Japan's move violates common ground for ties
Updated: 2012-09-13 18:52
BEIJING - Japan's recent move of "purchasing" the Diaoyu Islands has violated the important understanding and common ground for bilateral relations.
The move was a serious challenge over China's sovereignty, leading to widespread anger among the Chinese public.
During the negotiations on the normalization of China-Japan relations in 1972 and on the signing of the Sino-Japanese Treaty of Peace and Friendship in 1978, the then leaders of the two countries, acting in the larger interest of China-Japan relations, reached an important understanding and common ground on "leaving the issue of the Diaoyu Islands to be resolved later."
This opened the door to the normalization of China-Japan relations and was followed by tremendous progress in those relations as well as stability and tranquility in East Asia in the following 40 years.
But now, Japan's continued provocative actions over the Diaoyu Islands have violated the principle that the two countries had agreed on.
Talking about the Diaoyu islands, China's late leader Deng Xiaoping said in 1978 that "We believe that we should set the issue aside for a while if we cannot reach agreement on it. It is not an urgent issue and can wait for a while. If our generation do not have enough wisdom to resolve this issue, the next generation will have more wisdom, and I am sure that they can find a way acceptable to both sides to settle this issue."
When meeting Suzuki Zenko, a member of the lower house of the Japanese Diet from the Japanese Liberal Democratic Party on May 11, 1979, Deng said that consideration may be given to joint development of the resources adjacent to the Diaoyu Islands without touching upon its territorial sovereignty.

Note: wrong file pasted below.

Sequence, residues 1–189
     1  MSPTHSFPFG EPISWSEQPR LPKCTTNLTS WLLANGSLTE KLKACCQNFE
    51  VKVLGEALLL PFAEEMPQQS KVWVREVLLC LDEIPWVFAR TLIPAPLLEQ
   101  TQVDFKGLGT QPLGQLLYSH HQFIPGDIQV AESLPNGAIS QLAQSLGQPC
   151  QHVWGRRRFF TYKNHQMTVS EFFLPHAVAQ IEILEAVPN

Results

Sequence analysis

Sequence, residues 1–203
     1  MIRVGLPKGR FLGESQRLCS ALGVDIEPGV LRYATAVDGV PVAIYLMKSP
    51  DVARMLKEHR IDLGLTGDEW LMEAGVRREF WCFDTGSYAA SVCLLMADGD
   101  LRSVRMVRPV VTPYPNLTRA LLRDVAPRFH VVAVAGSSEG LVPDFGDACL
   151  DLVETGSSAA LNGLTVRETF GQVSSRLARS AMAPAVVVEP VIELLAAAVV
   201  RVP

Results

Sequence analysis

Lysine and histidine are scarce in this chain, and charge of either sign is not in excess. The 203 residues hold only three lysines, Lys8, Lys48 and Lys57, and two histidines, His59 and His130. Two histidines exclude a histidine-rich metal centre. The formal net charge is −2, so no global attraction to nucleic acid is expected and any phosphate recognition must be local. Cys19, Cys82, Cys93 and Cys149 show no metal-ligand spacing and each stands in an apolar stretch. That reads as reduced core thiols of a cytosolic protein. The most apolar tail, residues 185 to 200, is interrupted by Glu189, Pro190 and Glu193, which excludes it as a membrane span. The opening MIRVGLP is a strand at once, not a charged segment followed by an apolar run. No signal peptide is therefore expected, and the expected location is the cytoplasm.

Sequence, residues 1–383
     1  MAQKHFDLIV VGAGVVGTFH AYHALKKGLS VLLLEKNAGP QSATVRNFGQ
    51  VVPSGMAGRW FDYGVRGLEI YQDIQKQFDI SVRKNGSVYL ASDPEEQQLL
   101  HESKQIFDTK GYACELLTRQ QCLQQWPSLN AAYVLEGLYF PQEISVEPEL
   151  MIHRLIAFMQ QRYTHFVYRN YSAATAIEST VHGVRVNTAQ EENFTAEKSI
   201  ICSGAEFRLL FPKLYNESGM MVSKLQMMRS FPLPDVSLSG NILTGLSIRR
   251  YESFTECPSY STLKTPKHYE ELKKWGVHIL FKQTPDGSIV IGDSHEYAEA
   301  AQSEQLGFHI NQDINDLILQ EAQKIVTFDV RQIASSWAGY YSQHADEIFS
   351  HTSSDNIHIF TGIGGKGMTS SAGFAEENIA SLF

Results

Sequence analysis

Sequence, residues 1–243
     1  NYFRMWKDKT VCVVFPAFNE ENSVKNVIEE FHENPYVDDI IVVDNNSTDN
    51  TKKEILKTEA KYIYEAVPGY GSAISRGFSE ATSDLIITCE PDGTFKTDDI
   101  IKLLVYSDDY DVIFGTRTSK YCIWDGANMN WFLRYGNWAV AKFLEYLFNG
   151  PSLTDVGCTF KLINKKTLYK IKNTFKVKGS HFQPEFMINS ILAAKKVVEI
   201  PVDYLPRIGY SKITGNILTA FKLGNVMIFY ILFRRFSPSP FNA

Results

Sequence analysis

In June the same year, China formally proposed the idea of joint development of resources adjacent to the Diaoyu Islands with the Japanese through diplomatic channels.
This was the first time that China openly stated its position that it was ready to settle disputes with its neighbors over territorial and maritime rights using the concept of "setting aside disputes and pursuing joint development."
The principle does not mean that China gives up sovereignty over those islands. Instead, it promotes mutual cooperation and understanding so as to create conditions for final solutions of territorial disputes in the future.
Japan should immediately stop all actions that may undermine China's territorial sovereignty and come back to the understanding of common ground reached between the two sides, and return to the track of a negotiated settlement of the dispute.
This is the only way to improve and push forward bilateral relations.
The normalization of diplomatic relations between the two countries was hard won. The Chinese government has always placed importance on developing China-Japan relations.
Advancing the China-Japan strategic and mutually beneficial relationship is in conformity with the basic interests of the two countries and is conducive to regional peace and stability.
But healthy and stable development of bilateral relations requires Japan to move toward and make joint efforts with China.
Japan should not forget it initiated an invasion war against China more than seven decades ago and was defeated. No matter how many years have passed, defection and trickery will not make Japan a dignified nation.
Long gone are the days when the Chinese nation was subject to bullying and humiliation from others. The Chinese government will not sit idly by watching its territorial sovereignty being infringed upon.